There is an old phrase in english used to describe a person of wealth. “As rich as Croesus”. Its roots are much older than English, so old in fact that many ancient Greek and Persian tales describe the decadent opulence of King Croesus (Kree-sas), a genuine historical figure who’s wealth attained him a mythic Midas-like status that has survived right up into the contemporary colloquial repertoire. From 560 to 547 BC Croesus ruled the wealthy kingdom of Lydia in the region of modern western Turkey.
Like the wealthy nations of today, Lydia’s wealth was hinged on a technological advantage. Lydians were the first “western” peoples to invent state coinage. Ingots of rare metals had been traded for thousands of years before this but their purity had always been difficult to determine. The technologist and craftsmen of Lydia had discovered how to separate the silver impurities from the naturally occurring raw gold alloy extracted from the ground. By guarding this innovation the Lydian’s were able to mint lion-stamped Lydian coins that were guaranteed to be true gold. This early social, political and economic technology hasn’t really changed all that much as it has evolved into the paper cash and plastic cards tucked into your wallet or purse right now.
Money is far more a tool for ensuring trust than the object of material value we often like perceive it as. For much of history the nation with the most gold was the richest nation and from the mid-1800’s, with an increase in global trade, many countries employed the Gold Standard. This economic principle made every single bank note redeemable for gold from the state. The US employed this right up until 1973 by which time inflation, led by gold scarcity, made the coupling untenable. Todays money is purely notional, a floating relation of “value” that is grounded more in computer algorithms than inert lumps of matter. The phrase “In god we trust” printed on US mint takes on an interesting new meaning here. If the little number that defines your account balance and provides the base for your entire lifestyle is in fact based on an incalculable set of assumptions then perhaps you should seek solace in a higher power.
Trust must be at the core of any financial providers future digital strategy. The last decade’s volatile markets have been a disconcerting eye-opener and people are hungry for alternatives that they can trust. The pseudonymous developer Satoshi Nakamoto’s cryptocurrency Bitcoin was one such response. When difficult to swallow economic sanctions were imposed on Cypriots earlier this year many chose to circumvent the State and an untold wealth of Euros was exported as Bitcoins. When Ugandans couldn’t trust a bus driver to deliver cash from the cities they worked in back to their dependants in rural villages they innovated an ad-hoc mobile payment system, a service that would mature into Kenya’s M-Pesa with a revenue of $146 Million in the first half of the 2014 fiscal year. In locations around the world community currencies like the Brixton Pound allow citizens, faced with turbulent and alienating in-human scaled global economies, to trade at a cosy local scale. A scale where the word “trust” still has meaning.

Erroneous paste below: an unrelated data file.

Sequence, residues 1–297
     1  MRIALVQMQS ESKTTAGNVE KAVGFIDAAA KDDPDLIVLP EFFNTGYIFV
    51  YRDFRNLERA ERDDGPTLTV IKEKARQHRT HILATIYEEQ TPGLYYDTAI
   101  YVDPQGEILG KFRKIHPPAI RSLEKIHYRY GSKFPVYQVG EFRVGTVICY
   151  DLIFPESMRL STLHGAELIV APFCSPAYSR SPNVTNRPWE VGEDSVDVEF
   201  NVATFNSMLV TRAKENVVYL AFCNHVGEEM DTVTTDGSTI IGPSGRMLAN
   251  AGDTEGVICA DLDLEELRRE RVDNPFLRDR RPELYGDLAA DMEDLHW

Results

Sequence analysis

At a recent Future Humans event titled “Cash Free” a specialist panel (Tom Robinson – Bitprice, Cecilia Wee – writer and RCA lecturer, and Garrick Hileman – entrepreneur and LSE historian) considered the future form of currency. A major question that emerged from this is wether or not enjoying deregulated “free” digital currencies was worth the price tag of sharing the service with the inevitable criminal element that these services have already attracted. Essentially, is seeking security in deregulation a sustainable approach? The value of the Bitcoin surges several percent everyday yet everyone involved is adamant it’s not a bubble.
The ancient Lydian’s developed a manufacturing technology for processing gold. But we can assume that it was an Iron Age equivalent of the designer that saw the opportunity to create a service. The minted coin was an innovation of assurance that allowed the Lydians to carry on with the transactional details of daily life with confidence. We don’t have a Gold Standard to anchor our trust on today. Currency and the transfer of value dissolve more and more into bits and bytes. A new ecosystem of unregulated digital currencies are emerging that seem to offer surprisingly more stability than many Fiat currencies. At the same time Paypal, Barclay’s Pingit, Visa’s V.me, contactless payments and Dwolla offer easy digital payments that are so convenient that we’re willing to ignore our understandable suspicions of putting our payment details into the virtual ether.
There is an undeniable space of digital/financial anxiety developing for designers to enter into and innovate. Real, human-focused and need-orientated, design responses (the best kind of design) can be developed that can realign transactional technologies with people’s traditional senses of value and trade, a corner stone of human civilisation. This universality is true wether we’re speaking of the complex canoe bound choreography of trading sea shells on the South Pacific or derivatives commodity trading on the NASDAQ in New York. It’s important however that we as designers don’t too eagerly throw technology at the problem. Measured responses are required, ones that assess the contingencies and ensure new currency experiences are harmoniously embedded in the ebs and flows of our emotive social environment. Who knows? perhaps we can develop a service that still holds a pivotal role in society more than 2500 years after it’s inception.